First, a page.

We'll do this mostly as a demonstration. I encourage you to login to your account and try out the various examples yourself as we go through them.

Much of this material is based on the extensive Savio documention we have prepared and continue to prepare, available at

The materials for this tutorial are available using git at or simply as a zip file.


This training session will cover the following topics:

System capabilities and hardware

Getting access to the system - FCA and condo

Faculty/principal investigators can allow researchers working with them to get user accounts with access to the FCA or condo resources available to the faculty member.

Savio computing nodes

Let's take a look at the hardware specifications of the computing nodes on the cluster (see the Hardware Configuration section of this document).

The nodes are divided into several pools, called partitions. These partitions have different restrictions and costs associated with them (see the Configuration Details section of this document). Any job you submit must be submitted to a partition to which you have access.

Disk space options (home, scratch, project, condo storage)

You have access to the following disk space, described here in the Storage and Backup section.

When reading/writing data to/from disk, unless the amount of data is small, please put the data in your scratch space at /global/scratch/SAVIO_USERNAME. The system is set up so that disk access for all users is optimized when users are doing input/output (I/O) off of scratch rather than off of their home directories. Doing I/O with files on your home directory can impact the ability of others to access their files on the filesystem.

We are also making available disk space for purchase via a new condo storage offering. The minimum purchase will likely be around $14,000, which will provide roughly 40 TB for five years, but the exact details are still being worked out.

Login nodes, compute nodes, and DTN nodes

Savio has a few different kinds of nodes:

Logging in

To login, you need to have software on your own machine that gives you access to a UNIX terminal (command-line) session. These come built-in with Mac (see Applications -> Utilities -> Terminal). For Windows, some options include PuTTY.

You also need to set up your smartphone or tablet with Google Authenticator to generate one-time passwords for you.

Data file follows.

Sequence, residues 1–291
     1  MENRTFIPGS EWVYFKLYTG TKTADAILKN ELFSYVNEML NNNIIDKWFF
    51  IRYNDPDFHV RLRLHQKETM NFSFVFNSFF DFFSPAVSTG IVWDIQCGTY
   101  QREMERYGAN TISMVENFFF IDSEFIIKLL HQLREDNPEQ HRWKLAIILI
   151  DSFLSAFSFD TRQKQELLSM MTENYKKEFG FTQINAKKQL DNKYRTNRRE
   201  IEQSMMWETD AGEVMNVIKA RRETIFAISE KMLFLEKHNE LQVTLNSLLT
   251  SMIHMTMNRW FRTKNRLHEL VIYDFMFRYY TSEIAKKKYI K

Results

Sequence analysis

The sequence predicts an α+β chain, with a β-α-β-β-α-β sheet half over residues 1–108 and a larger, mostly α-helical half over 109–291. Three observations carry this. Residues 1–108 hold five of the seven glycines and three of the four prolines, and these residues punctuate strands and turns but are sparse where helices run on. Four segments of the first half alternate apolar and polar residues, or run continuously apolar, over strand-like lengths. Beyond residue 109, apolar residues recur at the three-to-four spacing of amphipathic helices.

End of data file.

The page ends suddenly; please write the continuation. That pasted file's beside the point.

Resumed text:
Here are instructions for doing this setup, and for logging in.

Then to login:


Then enter XXXXXYYYYYY where XXXXXX is your PIN and YYYYYY is the one-time password. YYYYYY will be shown when you open your Google authenticator app on your phone/tablet.

One can then navigate around and get information using standard UNIX commands such as ls, cd, du, df, etc.

If you want to be able to open programs with graphical user interfaces:

ssh -Y

To display the graphical windows on your local machine, you'll need X server software on your own machine to manage the graphical windows. For Windows, your options include eXceed or Xming and for Mac, there is XQuartz.

Sidenote: we are investigating other mechanisms to interact with Savio via a graphical user interface (GUI).

Data transfer with examples to/from laptop, Box, Google Drive, AWS

Let's see how we would transfer files/data to/from Savio using a few different approaches.

Data transfer: SCP/SFTP

We can use the scp and sftp protocols to transfer files.

You need to use the Savio data transfer node,


# to Savio, while on your local machine
scp bayArea.csv
scp bayArea.csv
scp bayArea.csv

# from Savio, while on your local machine
scp ~/Desktop/.

If you can ssh to your local machine or want to transfer files to other systems on to which you can ssh, you can syntax like this, while logged onto Savio:

ssh dtn
scp ~/file.csv

One program you can use with Windows is WinSCP, and a multi-platform program for doing transfers via SFTP is FileZilla. After logging in, you'll see windows for the Savio filesystem and your local filesystem on your machine. You can drag files back and forth.

You can package multiple files (including directory structure) together using tar:

tar -cvzf files.tgz dir_to_zip 
# to untar later:
tar -xvzf files.tgz

Data transfer: Globus

You can use Globus Connect to transfer data data to/from Savio (and between other resources) quickly and unattended. This is a better choice for large transfers. Here are some instructions.

Globus transfers data between endpoints. Possible endpoints include: Savio, your laptop or desktop, NERSC, and XSEDE, among others.

Savio's endpoint is named ucb#brc.